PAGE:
Dr Alex said:
"The last year has been unimaginably difficult for all of us, but particularly for young people who have sacrificed so much.
"I am honoured to be appointed for this role where I’ll be working closely with government to make mental health an absolute priority and hope to have a positive impact on the lives of young people and their education for good."
As Dr Alex notes, young people have suffered immensely this year. And he’s right.
A follow-up report of the Mental Health and Young People Survey has confirmed this. In 2020, one in six children aged 5 to 16 years-old were identified as having a probable mental disorder, increasing from one in nine in 2017.
A recent UK survey led by charity stem4 has also noted that 73% of teachers warn that mental health provision in schools and colleges across the UK is nearing collapse.
Once the world returns to ‘normal’ we have a huge duty to take better care of the youth. And we believe that includes greater access to social prescribing.
What is social prescribing?
Social prescribing is a person-centred approach where people are referred to non-clinical sources of support or resources in the community.
These referrals are often made by GPs, nurses, link workers, councillors, and healthcare professionals, following an in-depth discussion with the patient about their needs. In some instances, patients are also able to refer themselves.
The support and resources can come in the form of social activities, volunteering, arts and crafts, specialist interest groups, advice, green space, learning and sports clubs.
Why do children and young adults need social prescribing?
Whilst social prescribing cannot replace traditional talking therapies and medication, there is most definitely a place for it in improving the health and wellbeing of a child.
For the past year, children have had a lack of routine, been more isolated than ever, received a compromised level of education, and fewer opportunities to improve their interpersonal skills.
Social prescribing activities can be specifically catered towards building confidence, resilience and social skills as well as encouraging exercise and mindfulness.
The aim of social prescribing is to improve the health and wellbeing of an individual using local community solutions. For example, joining a football club can help to tackle social isolation.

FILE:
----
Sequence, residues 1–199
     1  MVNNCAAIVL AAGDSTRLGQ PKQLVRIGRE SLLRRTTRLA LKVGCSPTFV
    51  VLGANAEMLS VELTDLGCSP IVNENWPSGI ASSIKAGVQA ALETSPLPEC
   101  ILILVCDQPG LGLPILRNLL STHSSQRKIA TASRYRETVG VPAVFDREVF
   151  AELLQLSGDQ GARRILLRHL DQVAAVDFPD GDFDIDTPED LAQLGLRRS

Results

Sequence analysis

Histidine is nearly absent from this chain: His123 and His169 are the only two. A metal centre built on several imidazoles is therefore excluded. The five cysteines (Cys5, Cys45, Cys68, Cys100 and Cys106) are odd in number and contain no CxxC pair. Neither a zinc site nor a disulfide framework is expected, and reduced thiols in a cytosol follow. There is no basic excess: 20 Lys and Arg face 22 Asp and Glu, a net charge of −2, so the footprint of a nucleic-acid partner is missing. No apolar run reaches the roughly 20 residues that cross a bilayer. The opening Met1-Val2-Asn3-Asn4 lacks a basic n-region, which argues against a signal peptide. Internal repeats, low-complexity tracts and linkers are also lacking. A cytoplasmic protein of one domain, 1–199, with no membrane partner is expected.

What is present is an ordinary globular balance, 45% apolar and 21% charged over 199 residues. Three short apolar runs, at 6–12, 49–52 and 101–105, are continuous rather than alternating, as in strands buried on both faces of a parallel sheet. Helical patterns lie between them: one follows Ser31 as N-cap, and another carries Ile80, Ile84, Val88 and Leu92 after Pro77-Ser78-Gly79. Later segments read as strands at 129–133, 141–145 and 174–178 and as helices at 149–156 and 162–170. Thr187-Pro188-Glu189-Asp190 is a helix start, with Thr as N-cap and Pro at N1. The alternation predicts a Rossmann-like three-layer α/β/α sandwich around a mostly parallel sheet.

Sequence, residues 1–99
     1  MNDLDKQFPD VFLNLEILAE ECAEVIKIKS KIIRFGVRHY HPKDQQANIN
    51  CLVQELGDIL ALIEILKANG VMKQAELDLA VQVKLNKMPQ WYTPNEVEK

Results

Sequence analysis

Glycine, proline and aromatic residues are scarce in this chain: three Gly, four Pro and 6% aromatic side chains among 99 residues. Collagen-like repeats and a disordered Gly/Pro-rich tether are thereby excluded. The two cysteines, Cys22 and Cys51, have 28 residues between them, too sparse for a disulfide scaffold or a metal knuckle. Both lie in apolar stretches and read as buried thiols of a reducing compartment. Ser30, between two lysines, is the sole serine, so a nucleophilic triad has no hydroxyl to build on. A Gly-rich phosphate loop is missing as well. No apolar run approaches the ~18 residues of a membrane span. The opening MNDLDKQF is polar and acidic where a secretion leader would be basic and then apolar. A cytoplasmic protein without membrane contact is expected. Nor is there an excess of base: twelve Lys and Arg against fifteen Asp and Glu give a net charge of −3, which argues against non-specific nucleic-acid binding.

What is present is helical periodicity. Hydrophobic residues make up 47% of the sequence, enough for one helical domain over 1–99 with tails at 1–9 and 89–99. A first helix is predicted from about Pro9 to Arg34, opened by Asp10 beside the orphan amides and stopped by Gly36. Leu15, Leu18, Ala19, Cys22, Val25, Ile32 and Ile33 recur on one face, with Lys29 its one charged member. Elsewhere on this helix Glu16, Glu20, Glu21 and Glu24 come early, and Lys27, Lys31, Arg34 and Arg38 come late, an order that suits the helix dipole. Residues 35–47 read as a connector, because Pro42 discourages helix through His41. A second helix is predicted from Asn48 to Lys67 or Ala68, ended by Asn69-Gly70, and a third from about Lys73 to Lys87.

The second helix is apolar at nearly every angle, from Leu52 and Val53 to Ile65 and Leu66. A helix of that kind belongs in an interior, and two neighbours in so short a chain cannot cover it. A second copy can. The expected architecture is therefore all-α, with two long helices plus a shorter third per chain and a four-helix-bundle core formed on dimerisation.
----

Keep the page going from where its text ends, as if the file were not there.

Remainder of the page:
Social prescribing can also offer an improved sense of belonging by joining such groups too.
Not only can social prescribing help an individual but it can ease pressure from the NHS. According to an evidence review led by the University of Westminster, an average of 28% fewer GP consultations and 24% fewer attendances at A&E in instances where the social prescribing connector service was working well.
How can Priority Digital Health help?
As members of The Social Prescribing Network, we are fully aware of the importance of social prescribing, as well as the role that Link Workers carry out in particular. And if you’re looking for a platform to support your social prescribing efforts, we can do exactly that.
Our fully interoperable Priority Platform connects patients with a range of local, non-clinical interventions through nationally-accredited, holistic assessments online.
We’re confident when we say there is no loose end. Link Workers, Healthcare Professionals and third sector organisations can all refer people to services through the Priority Platform.
We also have a number of partnerships that can provide necessary Link Workers, Advisors and Counsellors, who carry out the vital role of listening to the individual’s needs before conducting a referral.
Our proprietary system also seamlessly integrates with a range of targeted self-care and behaviour change apps, tools and resources – empowering patient self-management.
It is the only digital system which responds – in real-time – to the needs of your community.
We most definitely have the technology, the knowledge and the heart to help ease this mental health crisis, but we must act with urgency.